• Washington's early-music scene underlines its identity with the establishment of the Washington Early Music Festival.
  • The Wolf Trap Opera breaks ground with the blog of its director Kim Witman, revealing its whole audition process on-line, a huge service to young singers and a fascinating look behind the scenes for audiences.
  • Antony Walker takes over as music director of the Washington Concert Opera.
  • Notable operatic world premieres in DC include Democracy (WNO) and Volpone (Wolf Trap). The NSO performs new works by Mason Bates, Jefferson Friedman, Daniel Kellogg, and Jennifer Higdon. And the Verge Ensemble, 21st Century Consort, and the fledgling Great Noise Ensemble are among many local groups offering other significant premieres.
  • Michael Kaiser comes to the Kennedy Center.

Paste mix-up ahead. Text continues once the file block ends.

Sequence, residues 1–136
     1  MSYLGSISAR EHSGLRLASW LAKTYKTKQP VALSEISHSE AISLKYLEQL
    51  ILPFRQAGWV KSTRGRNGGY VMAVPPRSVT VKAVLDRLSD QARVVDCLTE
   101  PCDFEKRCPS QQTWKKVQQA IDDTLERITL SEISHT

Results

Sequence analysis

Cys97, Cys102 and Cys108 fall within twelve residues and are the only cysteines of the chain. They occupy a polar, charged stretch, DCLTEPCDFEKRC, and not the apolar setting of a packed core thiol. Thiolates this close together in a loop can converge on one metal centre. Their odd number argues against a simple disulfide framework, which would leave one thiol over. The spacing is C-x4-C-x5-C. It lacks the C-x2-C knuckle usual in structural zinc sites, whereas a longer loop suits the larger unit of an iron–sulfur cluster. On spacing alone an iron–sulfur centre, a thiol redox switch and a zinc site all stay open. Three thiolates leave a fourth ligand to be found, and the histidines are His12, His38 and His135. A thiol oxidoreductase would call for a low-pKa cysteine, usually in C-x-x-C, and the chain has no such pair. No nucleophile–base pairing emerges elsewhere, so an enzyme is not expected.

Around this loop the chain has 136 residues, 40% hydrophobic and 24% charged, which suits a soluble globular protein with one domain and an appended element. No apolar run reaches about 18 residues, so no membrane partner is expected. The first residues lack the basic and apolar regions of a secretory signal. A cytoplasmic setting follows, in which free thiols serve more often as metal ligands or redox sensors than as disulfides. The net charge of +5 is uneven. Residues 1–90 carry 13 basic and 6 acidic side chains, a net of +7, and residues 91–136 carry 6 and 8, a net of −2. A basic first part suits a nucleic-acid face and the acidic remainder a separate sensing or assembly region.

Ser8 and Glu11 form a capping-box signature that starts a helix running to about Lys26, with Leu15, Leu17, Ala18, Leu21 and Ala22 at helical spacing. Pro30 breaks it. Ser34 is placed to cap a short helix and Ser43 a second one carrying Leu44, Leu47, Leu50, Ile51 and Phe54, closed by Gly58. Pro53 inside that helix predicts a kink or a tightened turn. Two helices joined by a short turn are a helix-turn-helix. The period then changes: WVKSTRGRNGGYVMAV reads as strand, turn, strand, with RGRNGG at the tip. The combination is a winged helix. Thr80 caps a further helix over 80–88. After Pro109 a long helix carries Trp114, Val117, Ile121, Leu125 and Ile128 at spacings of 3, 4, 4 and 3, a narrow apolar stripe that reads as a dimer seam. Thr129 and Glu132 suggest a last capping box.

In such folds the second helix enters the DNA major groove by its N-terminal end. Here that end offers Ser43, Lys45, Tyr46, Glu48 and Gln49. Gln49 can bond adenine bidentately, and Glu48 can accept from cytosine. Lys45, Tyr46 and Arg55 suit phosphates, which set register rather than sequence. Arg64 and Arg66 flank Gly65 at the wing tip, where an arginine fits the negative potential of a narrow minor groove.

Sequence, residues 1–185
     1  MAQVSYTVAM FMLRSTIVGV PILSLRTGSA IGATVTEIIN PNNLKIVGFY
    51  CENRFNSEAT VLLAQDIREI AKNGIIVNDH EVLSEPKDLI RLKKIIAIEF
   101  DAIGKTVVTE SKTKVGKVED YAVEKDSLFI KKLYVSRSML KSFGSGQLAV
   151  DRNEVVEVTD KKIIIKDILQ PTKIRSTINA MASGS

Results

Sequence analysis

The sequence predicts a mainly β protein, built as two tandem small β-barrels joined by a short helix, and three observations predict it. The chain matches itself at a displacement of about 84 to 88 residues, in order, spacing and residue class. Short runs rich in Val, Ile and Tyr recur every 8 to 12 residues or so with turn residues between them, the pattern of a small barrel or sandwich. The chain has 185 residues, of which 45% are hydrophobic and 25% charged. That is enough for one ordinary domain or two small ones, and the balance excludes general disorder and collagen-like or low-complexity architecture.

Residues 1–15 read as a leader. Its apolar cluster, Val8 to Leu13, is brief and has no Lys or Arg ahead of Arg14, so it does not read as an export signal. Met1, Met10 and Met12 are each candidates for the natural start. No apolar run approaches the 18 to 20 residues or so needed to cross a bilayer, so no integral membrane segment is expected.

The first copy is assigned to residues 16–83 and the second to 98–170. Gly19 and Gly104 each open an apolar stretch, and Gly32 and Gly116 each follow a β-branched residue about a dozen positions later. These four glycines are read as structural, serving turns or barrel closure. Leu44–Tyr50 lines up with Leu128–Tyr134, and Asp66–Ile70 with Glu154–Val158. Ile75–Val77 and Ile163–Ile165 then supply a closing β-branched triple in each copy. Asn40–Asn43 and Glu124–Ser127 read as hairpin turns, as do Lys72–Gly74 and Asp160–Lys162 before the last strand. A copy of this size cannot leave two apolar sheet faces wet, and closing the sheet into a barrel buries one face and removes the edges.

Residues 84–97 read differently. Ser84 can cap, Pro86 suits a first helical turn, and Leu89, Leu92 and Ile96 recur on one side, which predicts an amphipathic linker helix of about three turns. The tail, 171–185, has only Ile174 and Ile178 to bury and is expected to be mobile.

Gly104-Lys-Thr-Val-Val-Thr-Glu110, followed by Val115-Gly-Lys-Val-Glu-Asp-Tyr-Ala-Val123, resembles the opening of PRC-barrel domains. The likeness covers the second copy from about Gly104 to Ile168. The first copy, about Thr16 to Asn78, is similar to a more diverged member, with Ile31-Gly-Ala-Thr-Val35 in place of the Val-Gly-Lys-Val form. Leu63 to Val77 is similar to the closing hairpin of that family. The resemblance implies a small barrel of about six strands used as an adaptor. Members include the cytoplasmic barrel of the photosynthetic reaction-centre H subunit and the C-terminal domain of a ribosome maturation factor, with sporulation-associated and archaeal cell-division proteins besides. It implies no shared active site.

• The National Chamber Orchestra becomes the National Philharmonic; the Fairfax Symphony gets a new music director.

But I didn't get to town until 2008, and I know I've left things out. Please chime in.

By Anne Midgette  |  December 31, 2009; 6:20 AM ET
Categories:  Washington , random musings  
Save & Share:  Send E-mail   Facebook   Twitter   Digg   Yahoo Buzz   StumbleUpon   Technorati   Google Buzz   Previous: In performance: Sharon Isbin
Next: New year, new season


More of a lifetime-achievement thing, but the Washington Bach Consort actually completing its cycle of performing Bach's cantatas live (in 2007, I think) was a biggish moment.

The creation of the Post-Classical Ensemble in 2003 has been a big deal for DMV classical life.

There are probably more I'm not thinking of now. If so, I will comment further.

Posted by: Lindemann777 | December 31, 2009 7:39 AM | Report abuse